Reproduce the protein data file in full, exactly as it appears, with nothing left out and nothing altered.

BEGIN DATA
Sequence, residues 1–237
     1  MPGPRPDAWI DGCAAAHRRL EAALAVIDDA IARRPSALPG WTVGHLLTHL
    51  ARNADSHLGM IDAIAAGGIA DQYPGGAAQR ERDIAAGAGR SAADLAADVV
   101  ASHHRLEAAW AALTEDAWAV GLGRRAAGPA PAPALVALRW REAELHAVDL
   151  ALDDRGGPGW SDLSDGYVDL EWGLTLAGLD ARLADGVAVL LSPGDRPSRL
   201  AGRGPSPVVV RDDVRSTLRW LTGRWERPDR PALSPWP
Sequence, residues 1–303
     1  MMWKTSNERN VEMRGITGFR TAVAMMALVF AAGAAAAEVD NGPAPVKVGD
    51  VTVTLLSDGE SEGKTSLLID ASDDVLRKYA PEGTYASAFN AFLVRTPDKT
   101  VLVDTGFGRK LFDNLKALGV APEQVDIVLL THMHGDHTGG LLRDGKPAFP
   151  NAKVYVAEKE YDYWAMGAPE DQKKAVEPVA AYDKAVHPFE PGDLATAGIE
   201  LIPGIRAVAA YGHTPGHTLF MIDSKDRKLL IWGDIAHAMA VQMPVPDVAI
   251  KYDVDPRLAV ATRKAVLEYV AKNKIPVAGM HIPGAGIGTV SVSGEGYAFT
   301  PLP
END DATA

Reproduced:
Sequence, residues 1–237
     1  MPGPRPDAWI DGCAAAHRRL EAALAVIDDA IARRPSALPG WTVGHLLTHL
    51  ARNADSHLGM IDAIAAGGIA DQYPGGAAQR ERDIAAGAGR SAADLAADVV
   101  ASHHRLEAAW AALTEDAWAV GLGRRAAGPA PAPALVALRW REAELHAVDL
   151  ALDDRGGPGW SDLSDGYVDL EWGLTLAGLD ARLADGVAVL LSPGDRPSRL
   201  AGRGPSPVVV RDDVRSTLRW LTGRWERPDR PALSPWP
Sequence, residues 1–303
     1  MMWKTSNERN VEMRGITGFR TAVAMMALVF AAGAAAAEVD NGPAPVKVGD
    51  VTVTLLSDGE SEGKTSLLID ASDDVLRKYA PEGTYASAFN AFLVRTPDKT
   101  VLVDTGFGRK LFDNLKALGV APEQVDIVLL THMHGDHTGG LLRDGKPAFP
   151  NAKVYVAEKE YDYWAMGAPE DQKKAVEPVA AYDKAVHPFE PGDLATAGIE
   201  LIPGIRAVAA YGHTPGHTLF MIDSKDRKLL IWGDIAHAMA VQMPVPDVAI
   251  KYDVDPRLAV ATRKAVLEYV AKNKIPVAGM HIPGAGIGTV SVSGEGYAFT
   301  PLP